Introduction to the Capacity Enhancement Core Section This is the first revision of a NIDA P30 proposal for a Center for Drug Abuse Prevention in the Child Welfare System (CDAP-CWS). The reviewers noted many strengths, as well as some limitations, of this Core in the original proposal. Strengths included creative strategies for incorporating the proposed focus areas into current and future studies, appropriate conceptual and operational approaches for the focus areas selected, and the high potential public health significance of the focus areas. The experience and past productivity of the research team and the record of mentoring early career scientists were also seen as strengths. Concerns identified by one or more reviewer involved the following: a question about the value to CWS policy and practice of pubertal development as a focus area, a question about the innovativeness of the costing focus area, concerns about synergy across the three focus areas, questions about the adequacy of the existing data/measures for conducting proposed analyses and generalizability due to truncated samples, concerns about the lack of specification of mechanisms to support the development of new innovative projects, and budget questions about the size of the subcontracts and the allocation of PI time. We are grateful to the reviewers for their careful review and helpful comments. In addressing the concerns, we have made modifications to the Capacity Enhancement Core that we believe have resulted in a stronger, more relevant plan for building a program of CWS drug abuse prevention research that has the potential to be informative and relevant to CWS researchers, practitioners, and policy leaders. Please note that, because substantial changes were made in this section of the revised application, we have not marked changed text in any way. 1. Selection of Focus Areas for the Capacity Enhancement Core. Reviewer 3 noted that the focus on pubertal development, although scientifically interesting, was narrow and lacked direct relevance to the CWS, especially in terms of implications for Type 2 translation of science into practice. Although this concern was not shared by the other two reviewers, upon consideration we determined that it would be advantageous to replace the pubertal development work with a more broad focus on stress neurobiology and genetics as predictors, mediators, and moderators of drug abuse and related problems. As is described in this focus area, emerging work in this more general area of research has direct relevance within the CWS for services and policy and will inform the next generation of randomized intervention trials. Moreover, it is an area in which we already have expertise within our research group. For example, Fisher's work on the HPA axis has shown alterations among children in foster care, with atypical diurnal cortisol levels being prevalent among children who experienced caregiver neglect. However, participation in the Multidimensional Treatment Foster Care for Preschoolers intervention resulted in increased regulation of the HPA axis relative to children in regular foster care (Fisher et al., 2007). Fisher and colleagues have also begun to examine prefrontal cortex activity in foster children because of the link between particular executive functions that are known to emanate from the prefrontal cortex (e.g., inhibitory control, attention, and working memory) and to relate to drug abuse and disruptive behavior disorders (Fisher, Gunnar, et al., 2006). In Pilot 2, proposed by Center early career investigator Saldana in collaboration with Fisher, we extend this work to examine executive attention via the Attention Network Task in mothers who abuse drugs. We hypothesize that deficits in executive attention will predict low responsiveness to treatments designed improve parenting and deter drug abuse. New work on gene variants also holds promise for CWS drug abuse prevention research. Center Co-l Leve is at the forefront of this work. Her prospective adoption study (359 sets of adoptive parents, their adopted child, and the child's birth parents) has the potential to inform CWS practice and policy in two ways: by detailing specific environmental processes that could be brought to bear in early childhood that can help offset genetic risk and lead to resilient adjustment in children and by detailing specific genetically influenced characteristics (e.g., sociability and persistence) that can increase child resilience even in the face of early adversity (Leve et al., 2007). Our work in this area will benefit from the rapid advances in knowledge that are occurring in the field of molecular genetics. For example, Bradley and colleagues (2008) recently found that child abuse and trauma were less likely to result in adult depressive symptoms in the presence of genetic polymorphisms within the corticotropin-releasing hormone type 1 receptor (CRHR1) gene. This finding suggests that Gene x Environment interaction is important for the expression of depressive symptoms in adults with CRHR1 risk or protective alleles who have a history of child abuse. Thus, in place of the more narrow focus on puberty in the prior proposal, we now plan to build on the knowledge that exists within our center and infuse our collective program of current and future CWS drug abuse prevention research with methods and measures of neurobiological and genetic mechanisms of risk and resilience. This will be accomplished through training of our Center scientists and sharing state-of-the-art work in this focus area with CWS practitioners and policy leaders.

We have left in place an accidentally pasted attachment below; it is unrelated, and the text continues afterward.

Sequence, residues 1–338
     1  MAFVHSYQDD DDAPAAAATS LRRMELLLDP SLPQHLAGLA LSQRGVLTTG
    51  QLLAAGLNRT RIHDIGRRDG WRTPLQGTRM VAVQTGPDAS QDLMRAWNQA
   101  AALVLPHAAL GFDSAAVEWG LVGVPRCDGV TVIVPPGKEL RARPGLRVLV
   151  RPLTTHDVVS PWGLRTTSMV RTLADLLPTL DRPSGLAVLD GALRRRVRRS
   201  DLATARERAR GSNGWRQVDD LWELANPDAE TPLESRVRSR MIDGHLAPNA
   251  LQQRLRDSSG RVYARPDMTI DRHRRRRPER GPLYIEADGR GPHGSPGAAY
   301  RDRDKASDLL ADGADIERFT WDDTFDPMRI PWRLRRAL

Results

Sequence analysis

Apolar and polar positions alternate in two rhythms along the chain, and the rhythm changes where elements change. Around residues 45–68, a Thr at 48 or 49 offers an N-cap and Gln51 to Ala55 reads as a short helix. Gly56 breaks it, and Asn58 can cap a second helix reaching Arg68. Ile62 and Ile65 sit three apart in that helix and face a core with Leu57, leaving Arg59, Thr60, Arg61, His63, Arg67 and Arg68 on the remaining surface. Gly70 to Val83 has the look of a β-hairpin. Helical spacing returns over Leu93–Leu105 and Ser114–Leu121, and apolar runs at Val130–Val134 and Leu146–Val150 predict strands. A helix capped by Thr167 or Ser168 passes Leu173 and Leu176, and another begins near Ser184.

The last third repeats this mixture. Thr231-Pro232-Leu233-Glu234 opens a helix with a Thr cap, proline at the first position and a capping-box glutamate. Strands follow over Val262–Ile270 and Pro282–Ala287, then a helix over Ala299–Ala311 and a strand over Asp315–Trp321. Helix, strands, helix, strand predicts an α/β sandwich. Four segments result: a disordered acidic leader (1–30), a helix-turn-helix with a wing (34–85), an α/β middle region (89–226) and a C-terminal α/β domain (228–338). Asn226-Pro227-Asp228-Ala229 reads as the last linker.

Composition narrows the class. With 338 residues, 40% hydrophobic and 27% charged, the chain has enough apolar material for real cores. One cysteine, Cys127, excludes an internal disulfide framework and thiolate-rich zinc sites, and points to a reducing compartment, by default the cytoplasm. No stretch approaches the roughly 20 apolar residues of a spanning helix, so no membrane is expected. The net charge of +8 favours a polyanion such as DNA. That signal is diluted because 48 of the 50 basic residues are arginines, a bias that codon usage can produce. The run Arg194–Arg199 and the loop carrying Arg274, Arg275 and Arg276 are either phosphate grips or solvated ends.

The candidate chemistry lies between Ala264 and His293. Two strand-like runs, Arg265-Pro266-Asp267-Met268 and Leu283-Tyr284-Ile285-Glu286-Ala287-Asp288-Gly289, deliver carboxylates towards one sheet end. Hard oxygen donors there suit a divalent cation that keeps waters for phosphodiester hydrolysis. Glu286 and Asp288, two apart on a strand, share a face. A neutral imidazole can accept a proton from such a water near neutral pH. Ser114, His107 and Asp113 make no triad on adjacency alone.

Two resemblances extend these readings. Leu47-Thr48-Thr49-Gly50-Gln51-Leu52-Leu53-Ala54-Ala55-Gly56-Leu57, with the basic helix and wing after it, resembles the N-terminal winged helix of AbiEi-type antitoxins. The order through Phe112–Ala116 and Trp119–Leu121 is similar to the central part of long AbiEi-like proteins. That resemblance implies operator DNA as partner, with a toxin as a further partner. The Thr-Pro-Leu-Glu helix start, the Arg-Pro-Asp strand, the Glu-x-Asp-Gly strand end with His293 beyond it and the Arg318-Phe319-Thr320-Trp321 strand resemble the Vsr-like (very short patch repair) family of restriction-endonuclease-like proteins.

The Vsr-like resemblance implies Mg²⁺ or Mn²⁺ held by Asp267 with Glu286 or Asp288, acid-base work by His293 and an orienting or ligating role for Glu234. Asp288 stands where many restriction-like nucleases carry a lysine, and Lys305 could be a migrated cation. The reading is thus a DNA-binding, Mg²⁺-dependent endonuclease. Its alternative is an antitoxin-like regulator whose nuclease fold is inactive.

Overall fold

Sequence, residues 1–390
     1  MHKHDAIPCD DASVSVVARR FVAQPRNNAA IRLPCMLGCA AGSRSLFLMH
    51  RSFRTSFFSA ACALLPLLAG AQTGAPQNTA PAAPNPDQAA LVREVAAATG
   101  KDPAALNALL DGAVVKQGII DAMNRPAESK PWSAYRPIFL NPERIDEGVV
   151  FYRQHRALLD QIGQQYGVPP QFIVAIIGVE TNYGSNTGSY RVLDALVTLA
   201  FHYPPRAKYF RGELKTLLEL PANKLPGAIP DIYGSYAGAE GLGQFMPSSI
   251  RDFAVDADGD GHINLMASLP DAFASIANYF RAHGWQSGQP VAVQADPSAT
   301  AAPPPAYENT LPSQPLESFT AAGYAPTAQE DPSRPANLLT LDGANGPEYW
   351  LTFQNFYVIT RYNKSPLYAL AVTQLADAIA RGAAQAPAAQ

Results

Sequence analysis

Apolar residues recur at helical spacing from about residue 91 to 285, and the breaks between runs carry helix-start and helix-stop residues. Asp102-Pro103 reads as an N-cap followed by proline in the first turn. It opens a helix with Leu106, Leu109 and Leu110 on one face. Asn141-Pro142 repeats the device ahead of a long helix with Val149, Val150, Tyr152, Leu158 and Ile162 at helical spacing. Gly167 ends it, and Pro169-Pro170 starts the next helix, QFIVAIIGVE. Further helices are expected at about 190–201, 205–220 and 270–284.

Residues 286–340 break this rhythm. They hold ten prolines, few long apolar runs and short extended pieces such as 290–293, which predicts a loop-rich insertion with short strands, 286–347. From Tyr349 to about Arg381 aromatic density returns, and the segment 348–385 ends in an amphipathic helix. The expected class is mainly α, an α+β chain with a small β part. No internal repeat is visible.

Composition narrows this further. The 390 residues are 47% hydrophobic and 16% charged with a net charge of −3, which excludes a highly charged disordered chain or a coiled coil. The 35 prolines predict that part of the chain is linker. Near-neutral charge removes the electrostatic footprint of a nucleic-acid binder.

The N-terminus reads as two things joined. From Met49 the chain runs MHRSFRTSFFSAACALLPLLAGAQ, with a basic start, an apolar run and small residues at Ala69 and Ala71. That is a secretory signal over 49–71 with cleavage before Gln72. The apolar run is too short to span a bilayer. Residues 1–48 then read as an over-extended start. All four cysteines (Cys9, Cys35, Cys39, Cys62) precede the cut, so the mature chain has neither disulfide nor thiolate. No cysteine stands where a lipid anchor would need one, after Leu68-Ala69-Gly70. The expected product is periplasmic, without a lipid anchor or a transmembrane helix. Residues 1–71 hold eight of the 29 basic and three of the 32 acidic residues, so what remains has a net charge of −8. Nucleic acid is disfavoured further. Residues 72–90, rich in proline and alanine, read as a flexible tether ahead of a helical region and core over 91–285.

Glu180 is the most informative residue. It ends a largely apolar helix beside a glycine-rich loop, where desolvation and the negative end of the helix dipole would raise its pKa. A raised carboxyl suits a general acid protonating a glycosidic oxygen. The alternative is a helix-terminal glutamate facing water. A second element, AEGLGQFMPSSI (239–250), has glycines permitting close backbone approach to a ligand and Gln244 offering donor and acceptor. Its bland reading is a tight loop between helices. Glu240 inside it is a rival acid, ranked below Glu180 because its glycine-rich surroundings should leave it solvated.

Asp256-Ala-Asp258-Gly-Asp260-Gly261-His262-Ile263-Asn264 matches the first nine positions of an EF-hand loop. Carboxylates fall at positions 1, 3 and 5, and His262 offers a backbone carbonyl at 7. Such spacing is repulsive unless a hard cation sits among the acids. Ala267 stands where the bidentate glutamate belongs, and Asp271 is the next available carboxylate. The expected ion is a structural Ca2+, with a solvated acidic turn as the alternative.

National Institute of Health (NIH)
National Institute on Drug Abuse (NIDA)
Center Core Grants (P30)
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Oregon Social Learning Center, Inc.
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Weller, Joshua A; Leve, Leslie D; Kim, Hyoun K et al. (2015) Plasticity of risky decision making among maltreated adolescents: Evidence from a randomized controlled trial. Dev Psychopathol 27:535-51